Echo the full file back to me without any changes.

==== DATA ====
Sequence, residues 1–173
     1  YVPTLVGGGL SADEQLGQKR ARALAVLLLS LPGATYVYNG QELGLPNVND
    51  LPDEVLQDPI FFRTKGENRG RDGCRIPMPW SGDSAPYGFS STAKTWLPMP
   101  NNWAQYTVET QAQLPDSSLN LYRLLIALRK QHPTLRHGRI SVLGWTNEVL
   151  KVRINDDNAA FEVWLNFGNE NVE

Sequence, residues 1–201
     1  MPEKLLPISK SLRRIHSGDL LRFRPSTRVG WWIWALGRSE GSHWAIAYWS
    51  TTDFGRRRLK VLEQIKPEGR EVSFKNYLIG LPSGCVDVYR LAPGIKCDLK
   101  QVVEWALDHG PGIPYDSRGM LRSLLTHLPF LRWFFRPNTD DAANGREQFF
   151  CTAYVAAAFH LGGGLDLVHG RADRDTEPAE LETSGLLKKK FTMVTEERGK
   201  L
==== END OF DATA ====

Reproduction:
Sequence, residues 1–173
     1  YVPTLVGGGL SADEQLGQKR ARALAVLLLS LPGATYVYNG QELGLPNVND
    51  LPDEVLQDPI FFRTKGENRG RDGCRIPMPW SGDSAPYGFS STAKTWLPMP
   101  NNWAQYTVET QAQLPDSSLN LYRLLIALRK QHPTLRHGRI SVLGWTNEVL
   151  KVRINDDNAA FEVWLNFGNE NVE

Sequence, residues 1–201
     1  MPEKLLPISK SLRRIHSGDL LRFRPSTRVG WWIWALGRSE GSHWAIAYWS
    51  TTDFGRRRLK VLEQIKPEGR EVSFKNYLIG LPSGCVDVYR LAPGIKCDLK
   101  QVVEWALDHG PGIPYDSRGM LRSLLTHLPF LRWFFRPNTD DAANGREQFF
   151  CTAYVAAAFH LGGGLDLVHG RADRDTEPAE LETSGLLKKK FTMVTEERGK
   201  L